Jason: “Any rate at that point would have been deficient.  Where I was going, was the un-stabilized nitrogen mimicked what we say in farmers’ fields this year with the weather events.  One of the things that we can see is that early season stress helped compounds the other planting problems we had which that impacted ground health, ultimately impacting root health that ultimately resulted in increased incidents of anthracnose.  If that plant was deficient in nitrogen then all the other macros and micros were deficient in that plant, and not as efficient.  All the factors were compounds and that increased the incidents of anthracnose. “
 
Jesse: “You’re talking about in-efficiencies in the plant.  In the middle of June, going into July, we also had a lot of wild fire smoke affecting our solar radiation.  Did you guys capture any data that would support that and how does that impact our stalk quality?”
 
Jason: “There is a great correlation there.  2018 will be a very interesting year.  We had one of the top ten snow events in MN in mid to late April. 2 weeks, and sometimes 10 days later, we were planting corn.  The conversation was, do I need to change maturities because we are so far behind.  What happened in May we were actually 30% higher our GDU from normal, so our departure from normal was 30% higher, and in June it was 12% higher. The rest of the summer was average and into September we were still 25% higher GDU accumulation from normal.   Even though we had a higher GDU accumulation during the growing season, our solar radiation was significantly lower.  So, you talked about in June, even though we were 12% higher in GDUs, we were 24% lower in solar radiation accumulation.”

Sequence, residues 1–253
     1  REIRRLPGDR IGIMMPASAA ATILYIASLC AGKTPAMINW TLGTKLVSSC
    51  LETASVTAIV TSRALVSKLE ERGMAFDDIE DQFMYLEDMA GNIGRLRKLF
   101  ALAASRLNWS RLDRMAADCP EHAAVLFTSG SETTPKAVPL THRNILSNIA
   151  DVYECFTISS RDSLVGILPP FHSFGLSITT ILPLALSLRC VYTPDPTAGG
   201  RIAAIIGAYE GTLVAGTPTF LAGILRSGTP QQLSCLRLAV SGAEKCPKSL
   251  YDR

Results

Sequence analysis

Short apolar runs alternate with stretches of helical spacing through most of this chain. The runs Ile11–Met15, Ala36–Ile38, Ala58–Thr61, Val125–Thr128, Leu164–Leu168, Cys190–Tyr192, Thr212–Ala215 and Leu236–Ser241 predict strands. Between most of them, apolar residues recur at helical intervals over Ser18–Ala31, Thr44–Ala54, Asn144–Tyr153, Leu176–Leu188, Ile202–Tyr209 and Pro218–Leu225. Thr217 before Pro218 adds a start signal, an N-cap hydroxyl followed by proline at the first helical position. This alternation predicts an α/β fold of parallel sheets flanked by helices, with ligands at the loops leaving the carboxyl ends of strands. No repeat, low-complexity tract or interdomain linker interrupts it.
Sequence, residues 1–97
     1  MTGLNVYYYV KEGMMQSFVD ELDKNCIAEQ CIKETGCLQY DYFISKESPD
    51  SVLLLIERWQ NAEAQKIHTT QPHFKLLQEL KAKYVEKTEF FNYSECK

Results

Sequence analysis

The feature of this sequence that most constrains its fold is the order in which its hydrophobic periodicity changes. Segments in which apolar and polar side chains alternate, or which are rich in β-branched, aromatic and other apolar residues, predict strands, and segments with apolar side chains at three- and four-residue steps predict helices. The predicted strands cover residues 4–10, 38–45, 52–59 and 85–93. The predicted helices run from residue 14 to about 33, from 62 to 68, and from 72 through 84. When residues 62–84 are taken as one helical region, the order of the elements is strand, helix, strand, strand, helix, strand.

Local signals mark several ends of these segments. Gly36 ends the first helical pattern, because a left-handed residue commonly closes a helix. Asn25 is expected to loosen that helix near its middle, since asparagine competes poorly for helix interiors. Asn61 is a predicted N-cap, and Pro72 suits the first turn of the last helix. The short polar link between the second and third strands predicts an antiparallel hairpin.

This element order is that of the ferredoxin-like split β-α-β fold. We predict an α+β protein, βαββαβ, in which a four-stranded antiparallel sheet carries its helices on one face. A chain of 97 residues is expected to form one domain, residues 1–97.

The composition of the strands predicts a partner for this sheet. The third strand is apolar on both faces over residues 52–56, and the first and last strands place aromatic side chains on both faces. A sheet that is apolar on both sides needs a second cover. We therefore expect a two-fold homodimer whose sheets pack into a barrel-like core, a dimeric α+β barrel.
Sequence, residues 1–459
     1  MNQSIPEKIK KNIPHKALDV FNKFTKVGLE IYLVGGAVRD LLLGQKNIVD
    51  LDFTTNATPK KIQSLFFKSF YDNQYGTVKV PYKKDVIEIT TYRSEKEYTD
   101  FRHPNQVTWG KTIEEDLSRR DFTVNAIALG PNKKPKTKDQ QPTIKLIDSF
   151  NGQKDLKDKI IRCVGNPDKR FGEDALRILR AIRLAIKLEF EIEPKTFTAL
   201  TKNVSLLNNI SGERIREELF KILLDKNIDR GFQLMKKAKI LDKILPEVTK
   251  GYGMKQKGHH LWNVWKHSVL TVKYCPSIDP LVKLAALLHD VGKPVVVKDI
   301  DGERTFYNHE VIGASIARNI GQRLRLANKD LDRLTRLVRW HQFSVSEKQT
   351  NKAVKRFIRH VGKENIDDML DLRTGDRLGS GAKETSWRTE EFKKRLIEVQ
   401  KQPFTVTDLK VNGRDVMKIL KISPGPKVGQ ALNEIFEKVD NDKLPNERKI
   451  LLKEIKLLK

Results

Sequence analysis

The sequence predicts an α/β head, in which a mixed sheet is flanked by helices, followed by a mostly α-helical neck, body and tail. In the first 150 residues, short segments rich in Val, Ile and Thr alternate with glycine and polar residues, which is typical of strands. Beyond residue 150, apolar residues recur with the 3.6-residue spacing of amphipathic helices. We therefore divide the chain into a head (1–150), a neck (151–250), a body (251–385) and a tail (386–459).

Jesse: “That’s not a good thing.  When were up in GDU, but down in sunlight, were in for a disaster.  We saw that this fall with the stalk quality concerns.  June was very wet, our GDUs were elevated but solar radiation was down, which tells me it could have been the smoke or the cloudy days, since we had so many rainy days.”
 
Jason: “June we were above GDUs and low in radiation and you tied that in with how rainy It was. Our departure from normal rainfall at the Le Sueur answer plot was plus 7 inches versus normal.  You can get by having a lower than normal solar radiation in June, what you can’t deal with is in August.  This August the Nelson family vacation was in Seattle, when they were dealing with the worst of the wildfires.  Like a good agronomist I drove there and back and, on our way, back we encountered smoke from Seattle to North Dakota that we could actually see, and that’s our visibility.  Think of the corn solar radiation, that will be exponentially higher.  How this affects stalk health, when you have low light during ear fill, the plant will cannibalize that stalk to make an ear, grain and seed.  A corn plants only goal in life is to produce as many seeds as possible and make sure those seeds fill and it will cannibalize itself to do so.  It will do anything to fill those seeds, not stand until Thanksgiving.  We go back to this anthracnose and nitrogen loss and solar radiation loss, it’s no surprise that stalk health was the most passionate calls I got.”